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“I know everyone who gave their life that day, some of which were my best friends and my daughter. And I guarantee you, beyond any shadow of a doubt, they are dancing with Jesus today.”

 

The above quote from Pastor Frank Pomeroy of the First Baptist Church in Sutherland Springs Texas captures one of the reasons why religion will never die.  It may diminish some.  It will certainly continue to change greatly. But die, no.

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This quote is from a sermon he preached on Sunday, Nov 12, 2017.  A week before this sermon a gunman had entered his church and murdered  26 members of his congregation, including his 14 year old daughter. He preached this sermon in a tent. At the front of the tent were the few remaining members of his congregation.

Many atheists say that religion will one day die out and be no more.  Some say it is already happening, that it is shrinking and will continue to do so until it no longer exists.   I believe that the number of atheists will continue to grow for awhile, but do not think it will ever become the dominant religious view of the planet. And by atheism, I mean the variety that does not believe in God or the supernatural.  Instead, I think some variety of religious belief, including in a God, will survive and still be the most common view.

The reason I think this is because I realize that humans are more heart than mind.  And, by the way, that is not a bad thing. While the heart can and has led to many evils, it is also the source of our morality and most of what is good too.  It is also an essential part of what gives our lives joy and happiness. Evidence, logic, reason all have an important role, but they are not the basis of what is good and right in our lives.

David Hume put it well when he said, “Reason is, and ought only to be the slave of the passions, and can never pretend to any other office than to serve and obey them.”

Many atheists may be surprised at this quote from Hume. After all, he is a one of the pre-eminent empirical and skeptical philosophers in history.  However, Hume realized that we do not use our reason to determine our morality and our goals, but rather, they are chosen through our passions and emotions. And reason is then used in aide of them (which can include modifying them to if needed) and, to justify them (unfortunately).

Consider, did you reason your way to loving your parents and siblings?  Did you use logic and evidence and rational thought when meeting people to determine your friends?  Did you reason your way to loving your children?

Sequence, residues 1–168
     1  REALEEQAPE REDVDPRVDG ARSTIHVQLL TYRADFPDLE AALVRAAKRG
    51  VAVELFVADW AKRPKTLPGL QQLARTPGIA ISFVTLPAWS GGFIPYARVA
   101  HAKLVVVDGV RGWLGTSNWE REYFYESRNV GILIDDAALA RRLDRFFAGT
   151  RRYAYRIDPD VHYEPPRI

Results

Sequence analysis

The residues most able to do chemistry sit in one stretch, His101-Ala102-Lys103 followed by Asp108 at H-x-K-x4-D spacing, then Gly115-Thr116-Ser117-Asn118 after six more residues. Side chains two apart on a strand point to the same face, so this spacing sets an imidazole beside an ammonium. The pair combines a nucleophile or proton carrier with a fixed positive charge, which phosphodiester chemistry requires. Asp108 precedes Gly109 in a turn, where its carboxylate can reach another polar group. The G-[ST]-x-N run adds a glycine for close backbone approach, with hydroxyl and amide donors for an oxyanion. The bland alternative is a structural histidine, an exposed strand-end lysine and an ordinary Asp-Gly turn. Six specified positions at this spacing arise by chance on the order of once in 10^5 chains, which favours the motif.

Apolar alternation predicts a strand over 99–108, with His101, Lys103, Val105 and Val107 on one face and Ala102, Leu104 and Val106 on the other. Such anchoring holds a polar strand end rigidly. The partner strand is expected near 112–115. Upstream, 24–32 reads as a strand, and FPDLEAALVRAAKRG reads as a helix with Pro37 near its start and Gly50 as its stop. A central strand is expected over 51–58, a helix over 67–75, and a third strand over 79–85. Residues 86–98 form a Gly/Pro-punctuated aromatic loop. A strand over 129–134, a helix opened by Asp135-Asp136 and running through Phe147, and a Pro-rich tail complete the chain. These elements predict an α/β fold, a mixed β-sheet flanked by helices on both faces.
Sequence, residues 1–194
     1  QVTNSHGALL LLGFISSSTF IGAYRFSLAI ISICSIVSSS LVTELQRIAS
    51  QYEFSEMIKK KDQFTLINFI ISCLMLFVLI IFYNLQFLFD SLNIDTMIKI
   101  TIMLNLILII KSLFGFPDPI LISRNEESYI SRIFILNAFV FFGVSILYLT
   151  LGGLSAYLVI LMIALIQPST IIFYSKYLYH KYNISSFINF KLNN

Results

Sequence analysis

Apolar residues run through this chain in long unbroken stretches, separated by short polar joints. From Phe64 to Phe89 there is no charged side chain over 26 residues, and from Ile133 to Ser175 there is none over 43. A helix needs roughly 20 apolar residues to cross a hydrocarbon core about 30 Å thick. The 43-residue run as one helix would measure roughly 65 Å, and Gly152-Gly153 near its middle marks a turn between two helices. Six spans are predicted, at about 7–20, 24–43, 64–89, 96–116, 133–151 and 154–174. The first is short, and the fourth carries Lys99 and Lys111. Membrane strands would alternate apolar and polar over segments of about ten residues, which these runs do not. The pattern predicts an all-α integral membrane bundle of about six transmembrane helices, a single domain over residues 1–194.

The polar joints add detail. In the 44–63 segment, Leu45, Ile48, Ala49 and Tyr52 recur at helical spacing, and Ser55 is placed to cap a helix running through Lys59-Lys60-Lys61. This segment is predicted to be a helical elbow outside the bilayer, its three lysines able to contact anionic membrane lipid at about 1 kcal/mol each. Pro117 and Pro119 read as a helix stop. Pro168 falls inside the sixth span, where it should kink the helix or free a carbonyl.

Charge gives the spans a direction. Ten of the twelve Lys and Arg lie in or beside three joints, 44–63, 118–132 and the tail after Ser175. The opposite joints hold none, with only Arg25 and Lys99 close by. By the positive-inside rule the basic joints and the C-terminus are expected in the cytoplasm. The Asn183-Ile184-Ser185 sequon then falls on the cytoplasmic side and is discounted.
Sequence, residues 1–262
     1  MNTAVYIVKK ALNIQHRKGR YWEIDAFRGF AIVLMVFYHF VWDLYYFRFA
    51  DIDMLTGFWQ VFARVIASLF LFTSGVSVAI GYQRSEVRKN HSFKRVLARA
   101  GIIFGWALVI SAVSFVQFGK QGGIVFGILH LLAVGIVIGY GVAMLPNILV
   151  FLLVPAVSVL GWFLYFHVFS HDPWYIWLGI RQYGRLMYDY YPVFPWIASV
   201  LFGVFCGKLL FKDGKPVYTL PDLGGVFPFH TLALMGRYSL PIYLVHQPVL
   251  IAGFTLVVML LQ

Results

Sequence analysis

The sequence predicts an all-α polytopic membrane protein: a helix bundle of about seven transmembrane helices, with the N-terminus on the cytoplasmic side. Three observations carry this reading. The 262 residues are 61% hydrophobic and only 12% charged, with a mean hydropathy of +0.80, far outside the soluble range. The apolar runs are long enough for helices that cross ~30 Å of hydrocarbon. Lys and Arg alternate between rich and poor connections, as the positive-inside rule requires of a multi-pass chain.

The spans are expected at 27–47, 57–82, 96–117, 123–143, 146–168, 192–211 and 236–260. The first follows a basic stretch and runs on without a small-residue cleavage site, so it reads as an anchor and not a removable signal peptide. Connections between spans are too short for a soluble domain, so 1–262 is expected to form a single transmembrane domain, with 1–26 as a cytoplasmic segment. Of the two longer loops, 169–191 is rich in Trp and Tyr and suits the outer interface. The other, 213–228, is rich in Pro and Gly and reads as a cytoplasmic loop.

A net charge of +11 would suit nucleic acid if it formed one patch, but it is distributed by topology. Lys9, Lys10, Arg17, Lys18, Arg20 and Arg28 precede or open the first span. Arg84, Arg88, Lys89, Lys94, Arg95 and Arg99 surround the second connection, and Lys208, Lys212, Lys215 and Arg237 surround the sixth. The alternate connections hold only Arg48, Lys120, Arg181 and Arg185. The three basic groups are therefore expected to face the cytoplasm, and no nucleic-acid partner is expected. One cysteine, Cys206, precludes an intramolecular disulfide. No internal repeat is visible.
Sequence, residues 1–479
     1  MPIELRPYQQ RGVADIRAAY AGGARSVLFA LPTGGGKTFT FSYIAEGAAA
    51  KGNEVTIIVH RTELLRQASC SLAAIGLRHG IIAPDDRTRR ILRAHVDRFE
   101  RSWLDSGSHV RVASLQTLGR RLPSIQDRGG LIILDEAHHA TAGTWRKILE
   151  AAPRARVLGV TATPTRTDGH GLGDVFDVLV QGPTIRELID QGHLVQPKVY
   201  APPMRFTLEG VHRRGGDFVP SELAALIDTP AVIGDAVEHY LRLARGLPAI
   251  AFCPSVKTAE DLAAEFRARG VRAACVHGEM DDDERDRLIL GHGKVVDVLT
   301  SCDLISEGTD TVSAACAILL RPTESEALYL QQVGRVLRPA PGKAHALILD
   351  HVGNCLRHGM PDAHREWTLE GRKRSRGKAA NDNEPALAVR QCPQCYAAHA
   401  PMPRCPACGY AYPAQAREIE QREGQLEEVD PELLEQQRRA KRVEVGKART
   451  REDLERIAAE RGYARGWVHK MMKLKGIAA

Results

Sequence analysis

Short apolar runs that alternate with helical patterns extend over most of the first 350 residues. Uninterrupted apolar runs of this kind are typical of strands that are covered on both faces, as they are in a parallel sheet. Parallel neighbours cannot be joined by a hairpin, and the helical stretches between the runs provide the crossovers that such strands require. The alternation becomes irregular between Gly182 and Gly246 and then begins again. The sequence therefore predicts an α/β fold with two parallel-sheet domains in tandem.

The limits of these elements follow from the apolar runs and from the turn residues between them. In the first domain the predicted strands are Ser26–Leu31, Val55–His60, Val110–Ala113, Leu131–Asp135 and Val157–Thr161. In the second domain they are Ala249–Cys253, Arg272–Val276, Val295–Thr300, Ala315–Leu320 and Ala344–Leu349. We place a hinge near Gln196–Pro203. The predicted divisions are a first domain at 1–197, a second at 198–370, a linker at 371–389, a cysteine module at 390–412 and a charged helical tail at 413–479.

In moral decisions, do you use abstract moral principles and reason from them to determine if a given action that you have to make now is moral or not?  And do you use reason to determine whether to get angry or not when you see a man knock down an old woman and steal her purse, a woman slapping a child hard enough to mark them, a child tormenting a cat?

Reason has a role to play, but it is in aide and support of, not in substitution of.

Which is why religion will never die away.

What arouses more passion than both the idea and reality of death.  Not only our own death, but, often more importantly, the death of your loved ones – parents, spouse, friends.  Children.

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171105195446-14-sutherland-springs-church-shooting-super-169            For most people, such losses need more than what reason and logic can provide.  I wrote a blog a few weeks ago, “There is No Immortality, But There Are Times I Chose to Believe Anyway”, about why I find traditional atheist platitudes on death unsatisfactory, and  why, on an emotional level, I find myself vested in the belief in the rainbow bridge and will continue to happily be so vested.

This is even though I have been an atheist for over 43 years now.  And this is despite my love of science, my commitment to rational thought, my being a member of the Committee for Skeptical Inquiry since its first day when its journal was called the Zetetic, and my highly analytical nature.

Consider Martin Gardner, one of the founders of the modern skeptic movement, and a founding member of the Committee for Skeptical Inquiry (called Committee for the Scientific Investigation of Claims of the Paranormal at first). Even though a skeptic of the first order, he believed in God and immortality, even though he knew there was no evidence and that such a belief was irrational.